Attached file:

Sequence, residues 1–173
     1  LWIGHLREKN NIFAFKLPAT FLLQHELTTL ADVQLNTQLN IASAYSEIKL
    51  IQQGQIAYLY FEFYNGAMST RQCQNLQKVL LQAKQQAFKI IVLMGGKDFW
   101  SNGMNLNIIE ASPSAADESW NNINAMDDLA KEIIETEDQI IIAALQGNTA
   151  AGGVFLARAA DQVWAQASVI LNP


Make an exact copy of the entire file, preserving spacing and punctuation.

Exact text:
Sequence, residues 1–173
     1  LWIGHLREKN NIFAFKLPAT FLLQHELTTL ADVQLNTQLN IASAYSEIKL
    51  IQQGQIAYLY FEFYNGAMST RQCQNLQKVL LQAKQQAFKI IVLMGGKDFW
   101  SNGMNLNIIE ASPSAADESW NNINAMDDLA KEIIETEDQI IIAALQGNTA
   151  AGGVFLARAA DQVWAQASVI LNP